And then there were reds. We opened both 1994 Tignanello and 2001 Quilceda Creek, and Tignanello was exhuming the pleasure, while Quilceda Creek was clearly asking for decanter – which was provided. Meanwhile, another fun and rare bottle was opened. I’m sure you know Bollinger. Yes, the Champagne producer. But – according to Champagne AOC rules, even Champagne producers are allowed to make … yes, still wines! 2002 Bollinger Ay Rouge La Cote Aux Enfant Coteaux Champenois was a bit tight first in the glass, but after about 10 minutes, it opened up into a luscious, complex goodness. Dark garnet color in the glass with some orange hue, an earthy nose of mature fruit with just a touch of characteristic Pinot Noir smokiness. Soft, supple and round on the palate, good amount of dark fruit, well integrated tannins and balancing acidity. Definitely a very interesting wine and experience. Drinkability: 8

1994 Antinori Tignanello (80% Sangiovese, 20% Cabernet Sauvignon) didn’t even show any signs of age! Dark ruby color in the glass, intense nose of dark cherries with a touch of leather and herbs. Fresh fruit and fresh acidity on the palate, cherries, leather and sage, perfectly balanced and ohh so enjoyable! I believe I tasted Tignanello before at some of the trade shows, but this was my first one on one encounter with this wonderful wine, with the ability to slowly enjoy and savor every sip. Drinkability: 9-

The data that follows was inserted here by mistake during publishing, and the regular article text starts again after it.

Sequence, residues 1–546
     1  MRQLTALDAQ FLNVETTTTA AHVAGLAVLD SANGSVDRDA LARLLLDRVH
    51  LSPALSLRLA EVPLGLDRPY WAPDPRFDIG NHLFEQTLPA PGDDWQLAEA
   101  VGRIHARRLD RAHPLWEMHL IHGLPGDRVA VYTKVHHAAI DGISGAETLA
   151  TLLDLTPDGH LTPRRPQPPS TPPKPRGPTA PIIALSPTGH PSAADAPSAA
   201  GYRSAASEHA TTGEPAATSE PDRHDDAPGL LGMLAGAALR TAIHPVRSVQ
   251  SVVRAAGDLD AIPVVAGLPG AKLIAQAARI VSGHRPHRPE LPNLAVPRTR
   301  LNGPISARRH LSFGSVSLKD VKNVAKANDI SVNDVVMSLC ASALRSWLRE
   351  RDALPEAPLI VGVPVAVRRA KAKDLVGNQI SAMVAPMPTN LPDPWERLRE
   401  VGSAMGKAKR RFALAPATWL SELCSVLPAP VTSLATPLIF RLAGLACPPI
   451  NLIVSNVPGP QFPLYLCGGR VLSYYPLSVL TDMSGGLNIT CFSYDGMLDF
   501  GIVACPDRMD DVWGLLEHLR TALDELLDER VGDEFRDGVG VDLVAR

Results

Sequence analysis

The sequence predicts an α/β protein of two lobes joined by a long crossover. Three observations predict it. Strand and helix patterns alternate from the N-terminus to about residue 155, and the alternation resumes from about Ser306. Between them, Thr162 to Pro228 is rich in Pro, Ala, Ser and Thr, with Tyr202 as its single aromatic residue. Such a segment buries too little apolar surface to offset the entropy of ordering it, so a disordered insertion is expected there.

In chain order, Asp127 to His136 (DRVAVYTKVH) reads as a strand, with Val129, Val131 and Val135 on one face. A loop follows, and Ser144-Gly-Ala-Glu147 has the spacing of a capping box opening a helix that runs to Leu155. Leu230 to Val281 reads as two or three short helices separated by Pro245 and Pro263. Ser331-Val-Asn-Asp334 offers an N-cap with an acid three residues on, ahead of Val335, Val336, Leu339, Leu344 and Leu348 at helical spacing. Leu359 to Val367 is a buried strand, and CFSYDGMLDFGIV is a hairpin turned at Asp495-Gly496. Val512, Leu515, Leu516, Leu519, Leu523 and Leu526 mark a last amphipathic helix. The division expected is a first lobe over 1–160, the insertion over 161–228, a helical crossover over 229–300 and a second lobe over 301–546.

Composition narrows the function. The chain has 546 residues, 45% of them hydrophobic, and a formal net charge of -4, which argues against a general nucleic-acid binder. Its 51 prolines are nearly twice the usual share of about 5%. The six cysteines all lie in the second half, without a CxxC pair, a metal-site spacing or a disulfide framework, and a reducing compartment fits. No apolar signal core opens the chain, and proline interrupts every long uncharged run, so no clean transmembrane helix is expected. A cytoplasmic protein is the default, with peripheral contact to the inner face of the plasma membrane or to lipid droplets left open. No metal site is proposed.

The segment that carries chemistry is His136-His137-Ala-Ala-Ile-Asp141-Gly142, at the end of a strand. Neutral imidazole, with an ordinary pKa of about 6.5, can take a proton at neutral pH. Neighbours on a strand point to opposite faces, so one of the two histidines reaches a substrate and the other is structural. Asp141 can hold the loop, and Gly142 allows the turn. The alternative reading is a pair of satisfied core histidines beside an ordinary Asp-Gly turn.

2001 Quilceda Creek Cabernet Sauvignon Washington (14.9% ABV, 97% Cabernet Sauvignon, 3% Cabernet Franc, 22 month in New French oak) spent about two hours in the decanter – but even that was not enough. Dark, brooding, concentrated, powerful – but not yielding much of the fruit, all closed up behind that power. After a first glass, we decided that we were simply wasting this wine, and we moved on to the another bottle.

1999 Pahlmeyer Proprietary Red Oakville, a classic Bordeaux blend with Cabernet Sauvignon, Merlot, Cabernet Franc, Malbec and Petit Verdot. Dark ruby red in the glass, blackberries and blueberries on the nose. Powerful and concentrated on the palate, with black currant, eucalyptus and espresso notes on the palate, soft tannins, very balanced with the medium long finish. Drinkability: 8